The Michigan Supreme Court Threw out all charges against former Governor Rick Snyder and other former members of the state executive branch in the case over the bad water in Flint, Michigan. Corrupt AG Dana Nessel hijacked the investigation as she fired the chief investigator and installed her hand-picked choices who were not concerned with obeying the law. They set up a single judge grand jury,
The Michigan Supreme Court agreed that the state could set up a single judge grand jury, but his power is very limited and he certainly did not have the power to issue indictments. He could “investigate, subpoena witnesses, and issue arrest warrants,” but they do not “authorize the judge to issue indictments.” There are two important points her. It was unanimous, meaning all of the liberal judges agreed. Secondly, it was a very sharp rebuke to Nessel and sends the message that she is no longer bulletproof.
in 2021, AG Nessel’s office announced that charges had been filed against Snyder and eight other officials. That included Snyder’s former chief of staff Jarrod Agen, former Michigan health director Nick Lyon, and Michigan chief medical officer Eden Wells. Snyder was charged with two counts of willful neglect which are misdemeanors. The charges against Lyon and Wells were both charged with involuntary manslaughter which carries a maximum penalty of 15 years in prison.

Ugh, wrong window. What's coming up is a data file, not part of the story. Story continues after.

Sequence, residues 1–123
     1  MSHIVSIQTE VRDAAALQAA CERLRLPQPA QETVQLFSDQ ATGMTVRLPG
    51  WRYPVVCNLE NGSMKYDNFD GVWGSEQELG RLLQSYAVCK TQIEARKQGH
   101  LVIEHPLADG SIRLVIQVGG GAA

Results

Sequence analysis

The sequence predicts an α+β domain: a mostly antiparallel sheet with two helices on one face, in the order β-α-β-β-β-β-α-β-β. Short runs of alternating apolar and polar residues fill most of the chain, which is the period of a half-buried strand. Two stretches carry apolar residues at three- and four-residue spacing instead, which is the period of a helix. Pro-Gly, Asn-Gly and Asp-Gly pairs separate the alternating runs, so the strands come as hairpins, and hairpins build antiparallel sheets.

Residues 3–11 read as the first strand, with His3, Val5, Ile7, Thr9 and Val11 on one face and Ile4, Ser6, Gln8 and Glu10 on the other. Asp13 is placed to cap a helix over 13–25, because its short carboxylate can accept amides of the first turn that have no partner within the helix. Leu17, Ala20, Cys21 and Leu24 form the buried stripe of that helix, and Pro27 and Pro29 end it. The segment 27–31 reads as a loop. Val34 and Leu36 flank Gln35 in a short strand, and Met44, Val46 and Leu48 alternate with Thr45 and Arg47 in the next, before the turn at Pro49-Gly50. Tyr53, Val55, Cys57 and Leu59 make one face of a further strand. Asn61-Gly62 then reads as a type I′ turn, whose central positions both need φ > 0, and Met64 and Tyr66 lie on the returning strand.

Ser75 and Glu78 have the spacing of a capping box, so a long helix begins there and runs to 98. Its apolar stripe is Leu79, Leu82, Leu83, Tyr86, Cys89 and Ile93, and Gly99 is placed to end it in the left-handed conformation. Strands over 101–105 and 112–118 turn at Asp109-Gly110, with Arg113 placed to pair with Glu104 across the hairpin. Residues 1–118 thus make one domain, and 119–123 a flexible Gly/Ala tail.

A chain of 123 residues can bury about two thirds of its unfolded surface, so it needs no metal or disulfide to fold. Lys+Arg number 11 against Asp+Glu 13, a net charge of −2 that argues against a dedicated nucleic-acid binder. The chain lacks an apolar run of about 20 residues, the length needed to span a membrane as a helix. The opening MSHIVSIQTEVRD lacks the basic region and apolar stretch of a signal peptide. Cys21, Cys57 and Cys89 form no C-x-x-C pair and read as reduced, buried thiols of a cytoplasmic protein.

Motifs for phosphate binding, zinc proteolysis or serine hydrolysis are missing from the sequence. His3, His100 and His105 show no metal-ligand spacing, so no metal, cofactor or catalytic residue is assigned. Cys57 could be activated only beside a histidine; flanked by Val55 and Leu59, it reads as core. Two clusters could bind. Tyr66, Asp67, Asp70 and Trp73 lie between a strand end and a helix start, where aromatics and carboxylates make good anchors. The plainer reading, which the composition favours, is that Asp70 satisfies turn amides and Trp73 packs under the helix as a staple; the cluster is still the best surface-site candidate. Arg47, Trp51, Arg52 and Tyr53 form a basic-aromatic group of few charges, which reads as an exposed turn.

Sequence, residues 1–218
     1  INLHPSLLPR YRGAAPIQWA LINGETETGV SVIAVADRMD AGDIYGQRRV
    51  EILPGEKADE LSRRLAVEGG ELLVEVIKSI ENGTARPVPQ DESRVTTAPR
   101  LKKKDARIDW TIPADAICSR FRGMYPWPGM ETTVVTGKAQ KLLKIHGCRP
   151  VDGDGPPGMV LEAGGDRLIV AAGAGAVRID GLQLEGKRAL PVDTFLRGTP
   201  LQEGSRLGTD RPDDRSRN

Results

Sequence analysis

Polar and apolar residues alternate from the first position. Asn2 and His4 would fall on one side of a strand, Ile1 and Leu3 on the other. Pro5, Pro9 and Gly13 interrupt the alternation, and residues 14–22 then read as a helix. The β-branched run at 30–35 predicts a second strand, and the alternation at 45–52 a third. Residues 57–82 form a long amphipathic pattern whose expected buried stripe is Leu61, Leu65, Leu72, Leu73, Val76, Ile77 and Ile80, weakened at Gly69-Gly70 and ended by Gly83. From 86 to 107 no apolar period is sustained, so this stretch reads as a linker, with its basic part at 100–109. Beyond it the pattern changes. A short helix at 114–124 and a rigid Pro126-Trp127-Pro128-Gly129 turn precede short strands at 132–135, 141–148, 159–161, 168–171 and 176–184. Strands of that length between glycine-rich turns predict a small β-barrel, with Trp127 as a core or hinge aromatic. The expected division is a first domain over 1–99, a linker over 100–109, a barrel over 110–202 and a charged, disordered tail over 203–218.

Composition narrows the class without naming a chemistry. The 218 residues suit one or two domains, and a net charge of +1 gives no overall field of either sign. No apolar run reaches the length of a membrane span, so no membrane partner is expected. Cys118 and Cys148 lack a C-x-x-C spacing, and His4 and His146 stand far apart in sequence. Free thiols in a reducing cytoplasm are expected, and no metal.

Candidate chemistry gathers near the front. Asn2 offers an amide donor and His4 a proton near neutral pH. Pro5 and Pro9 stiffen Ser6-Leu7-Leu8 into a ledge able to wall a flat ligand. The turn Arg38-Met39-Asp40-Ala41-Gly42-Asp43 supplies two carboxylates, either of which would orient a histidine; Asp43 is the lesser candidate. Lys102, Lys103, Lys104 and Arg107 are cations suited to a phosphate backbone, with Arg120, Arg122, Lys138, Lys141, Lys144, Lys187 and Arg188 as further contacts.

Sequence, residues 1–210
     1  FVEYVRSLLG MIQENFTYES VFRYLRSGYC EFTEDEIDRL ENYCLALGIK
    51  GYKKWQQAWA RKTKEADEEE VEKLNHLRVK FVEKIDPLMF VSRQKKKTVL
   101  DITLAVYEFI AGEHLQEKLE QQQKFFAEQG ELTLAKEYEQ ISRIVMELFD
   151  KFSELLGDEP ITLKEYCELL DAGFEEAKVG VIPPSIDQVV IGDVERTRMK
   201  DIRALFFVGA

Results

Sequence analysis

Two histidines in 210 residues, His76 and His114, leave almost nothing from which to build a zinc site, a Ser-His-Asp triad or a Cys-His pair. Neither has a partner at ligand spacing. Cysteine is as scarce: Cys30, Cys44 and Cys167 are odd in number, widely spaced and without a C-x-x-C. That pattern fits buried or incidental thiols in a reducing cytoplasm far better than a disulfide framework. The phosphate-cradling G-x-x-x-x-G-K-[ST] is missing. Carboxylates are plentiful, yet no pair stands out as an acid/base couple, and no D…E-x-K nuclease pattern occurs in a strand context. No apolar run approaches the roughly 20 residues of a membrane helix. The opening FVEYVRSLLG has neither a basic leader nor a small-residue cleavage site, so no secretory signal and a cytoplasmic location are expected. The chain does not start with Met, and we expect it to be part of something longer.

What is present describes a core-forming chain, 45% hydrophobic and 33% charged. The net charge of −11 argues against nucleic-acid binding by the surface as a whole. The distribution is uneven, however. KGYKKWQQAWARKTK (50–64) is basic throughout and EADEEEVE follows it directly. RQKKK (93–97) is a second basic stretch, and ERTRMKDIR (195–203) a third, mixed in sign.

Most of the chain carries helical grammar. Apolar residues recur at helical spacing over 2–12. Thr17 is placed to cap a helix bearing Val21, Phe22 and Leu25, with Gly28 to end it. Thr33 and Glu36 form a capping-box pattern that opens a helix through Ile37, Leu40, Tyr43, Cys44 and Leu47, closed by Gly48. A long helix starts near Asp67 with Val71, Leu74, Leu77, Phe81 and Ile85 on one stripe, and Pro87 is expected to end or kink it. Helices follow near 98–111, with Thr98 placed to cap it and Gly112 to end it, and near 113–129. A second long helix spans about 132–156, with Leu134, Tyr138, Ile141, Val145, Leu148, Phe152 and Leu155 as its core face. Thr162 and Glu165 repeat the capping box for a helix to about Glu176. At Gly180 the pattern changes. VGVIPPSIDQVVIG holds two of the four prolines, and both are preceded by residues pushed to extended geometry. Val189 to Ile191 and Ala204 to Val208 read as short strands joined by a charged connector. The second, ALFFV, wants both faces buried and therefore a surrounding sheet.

In the court declaration, they wrote:
“These prosecutions of Governor Snyder and the other defendants were never about seeking justice for the citizens of Flint. Rather, Attorney General Nessel and her political appointee Solicitor General Fadwa Hammoud staged a self-interested, vindictive, wasteful and politically motivated prosecution.”
The indictments themselves were a reversal of sorts. When Nessel assumed office in 2019, she immediately dismissed Todd Flood, the special prosecutor assigned by Nessel’s predecessor, Bill Schuette, to investigate the crisis, and instead appointed Fadwa Hammoud to the task. Hammoud then paired with Wayne County prosecutor Kym Worthy, and the two appointed Judge David Newblatt of Genesee County, where Flint is located, to be a one-judge grand jury with the power to investigate evidence in secret and issue indictments according to his findings.
The secretive nature of the proceedings and the exploitation of a loophole in Michigan law that permits a one-judge grand jury under rare circumstances led the Michigan Supreme Court to call the process a “Star Chamber comeback,” a reference to the sixteenth-century English law enforcement body that often waged attacks against the English sovereign’s political adversaries.